I have already planted my sweet peas into seed trays to give them a head start for summer. This week I will be sowing my bewildering amount of Cosmos. I am lucky enough to have a greenhouse, so will get cracking with most other seeds next month. And the beauty is that I can collect seed from all of them, and the cycle continues.

Children love growing stuff from seed. I have found with Olly that it is a good idea to grow some quick growing cress seeds or broad bean seeds alongside others that take longer to germinate. It helps to hold their interest and attention. They love the process of potting up seeds too, although you may want to give them some seed of their own and accept that it may not survive their unique kind of love and devotion....


I'm wondering whether I should make this a weekly post? It would be a shorter post of course, and would become more of a gardening diary. I like the idea of sharing the garden with you all week on week. What do you think? Would you be interested at all?

And another thing. Is gardening a middle aged pursuit? I don't think it is; I think gardening is vibrant and cool and sexy!! What do you think?

Leanne xx


  1. Gardening is creative wonderfulness and not at all middle aged! Its funky and the way forward! yes make it weekly, even if its only a photo diary, i would love to see! xxxx

  2. I am sure that your roses will do very well! I like your plan for more shrubs too, they are as you say a great background all year round for all the other plants aren't they. Oh, and the hose as a guide for the edge of your flower border - Alan Titchmarsh does that, so you are in very good company! xx

  3. I hate my garden and find it an overwhelming burden. When I moved here I had a lovely idea of myself becoming very immersed in having a garden for the first time but I find grass cutting absolute purgatory. My big plan this year is to find someone to cut the hedge and the grass. I so want to find the love for my garden that it tempts me out on a nice evening instead of looking out and my heart sinking as it grows ever more jungle-y.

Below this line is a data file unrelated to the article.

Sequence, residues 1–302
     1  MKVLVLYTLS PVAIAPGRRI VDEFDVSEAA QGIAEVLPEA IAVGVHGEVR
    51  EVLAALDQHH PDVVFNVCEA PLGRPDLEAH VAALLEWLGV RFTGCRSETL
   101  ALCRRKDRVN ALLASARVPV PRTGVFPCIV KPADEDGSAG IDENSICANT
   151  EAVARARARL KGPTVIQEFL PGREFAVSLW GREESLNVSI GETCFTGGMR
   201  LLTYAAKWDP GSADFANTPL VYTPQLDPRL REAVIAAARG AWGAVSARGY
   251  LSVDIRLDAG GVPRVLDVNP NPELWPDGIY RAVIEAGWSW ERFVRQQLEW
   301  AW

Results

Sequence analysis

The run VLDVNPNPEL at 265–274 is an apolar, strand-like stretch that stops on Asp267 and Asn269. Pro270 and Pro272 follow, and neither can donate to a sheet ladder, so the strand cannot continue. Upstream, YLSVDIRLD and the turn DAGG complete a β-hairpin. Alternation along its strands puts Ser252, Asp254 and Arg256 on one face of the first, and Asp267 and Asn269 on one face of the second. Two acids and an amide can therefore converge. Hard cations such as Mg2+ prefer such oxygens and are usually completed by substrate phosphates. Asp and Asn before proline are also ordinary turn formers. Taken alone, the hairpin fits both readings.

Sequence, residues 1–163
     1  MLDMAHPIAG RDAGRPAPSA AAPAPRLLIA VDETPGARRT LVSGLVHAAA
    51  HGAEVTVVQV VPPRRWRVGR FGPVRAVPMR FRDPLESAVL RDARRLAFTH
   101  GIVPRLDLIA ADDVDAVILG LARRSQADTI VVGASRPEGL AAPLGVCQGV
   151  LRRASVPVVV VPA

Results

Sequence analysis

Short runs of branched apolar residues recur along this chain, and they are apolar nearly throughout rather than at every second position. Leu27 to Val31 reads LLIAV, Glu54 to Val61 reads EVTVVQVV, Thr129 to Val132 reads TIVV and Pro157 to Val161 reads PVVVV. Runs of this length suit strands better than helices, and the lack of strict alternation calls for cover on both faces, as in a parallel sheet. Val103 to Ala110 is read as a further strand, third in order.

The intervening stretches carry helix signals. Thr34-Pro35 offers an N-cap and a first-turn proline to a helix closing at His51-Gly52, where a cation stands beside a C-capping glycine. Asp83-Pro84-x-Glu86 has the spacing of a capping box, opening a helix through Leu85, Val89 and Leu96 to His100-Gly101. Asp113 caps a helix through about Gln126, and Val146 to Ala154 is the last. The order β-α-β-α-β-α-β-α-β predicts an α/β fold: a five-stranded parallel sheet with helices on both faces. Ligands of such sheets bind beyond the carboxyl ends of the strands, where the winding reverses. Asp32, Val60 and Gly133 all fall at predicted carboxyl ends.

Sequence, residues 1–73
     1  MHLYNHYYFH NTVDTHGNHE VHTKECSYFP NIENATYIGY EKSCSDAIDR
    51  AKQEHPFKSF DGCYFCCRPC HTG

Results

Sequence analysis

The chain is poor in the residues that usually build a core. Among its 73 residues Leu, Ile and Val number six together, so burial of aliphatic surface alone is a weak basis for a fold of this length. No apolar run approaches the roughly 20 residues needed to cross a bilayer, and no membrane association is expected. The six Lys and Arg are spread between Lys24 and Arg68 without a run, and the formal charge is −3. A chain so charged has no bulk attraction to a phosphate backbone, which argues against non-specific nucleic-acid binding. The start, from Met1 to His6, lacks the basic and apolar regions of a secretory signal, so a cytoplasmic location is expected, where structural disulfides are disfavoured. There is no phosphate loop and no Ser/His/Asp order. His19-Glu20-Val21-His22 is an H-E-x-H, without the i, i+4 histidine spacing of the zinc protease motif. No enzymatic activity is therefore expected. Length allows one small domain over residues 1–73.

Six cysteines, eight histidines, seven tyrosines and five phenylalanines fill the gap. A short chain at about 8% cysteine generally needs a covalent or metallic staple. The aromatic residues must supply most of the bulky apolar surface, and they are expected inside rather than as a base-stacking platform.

I love your blog and would enjoy reading a weekly garden post. I hope if I get the grass and hedge sorted then I might find a seasonality and connection with the huge space I have as there has to be more than somewhere to hang my washing.

  4. Such a great read, Leanne. I love these posts and I'd be glad to read them every week but you do what you're comfortable with. You're going to love having rosebushes. I have one large one and a few minis and I really enjoy caring for them. It isn't difficult once you know a few basic techniques. I wish my big one smelled more strongly because I agree with you, it does seem a little pointless. But I didn't plant it, it came with the house. Have you ever had nandina? That will give you bright red berries in fall and winter, and the leaves will turn in fall too. I have two big ones and they're easy to care for. Looking forward to seeing more from your beautiful garden. :)

  5. I loved reading your post and ended up talking to hubby about how we should think about doing something out there. Very inspiring and would love more of your sexy gardening :) xx

  6. Gardening is certainly not a middle-aged hobby! I'm not quite young and trendy but not yet middle aged and it's something I would love to do if I had more time. It would really help my teaching too as I'd love to be more exciting when doing gardening activities with my class. x

  7. Lost my previous comment, sigh. I just wanted to say how much I enjoy your garden posts. I've got a new little rose to put in at the allotment, and a couple of camellias for the garden, they always look so exotic and flower so early in the year. They're some of my favourites. I'm hoping to grow things from seed this year, and also to save some of my own seeds. A new year is always exciting - so many plans. Olly is right by the way, it clearly is a climbing frame - the little holes are the right size for little feet, and, well, it's there, waiting to be climbed. Wishing you a good gardening year, CJ xx

  8. Oh yes please I would love to read about your garden, your photos are so beautiful .I cant wait

  9. Another vote from me, I'd love to read about your garden. Presuming that you get very little frost you should be able to grow some lovely plants!

  10. I'd love it if you posted on this topic weekly, especially in a very basic way like "Plant cosmos seeds this week." That sort of thing. I am full of good intentions but essentially a rubbish gardener and look to you for help! x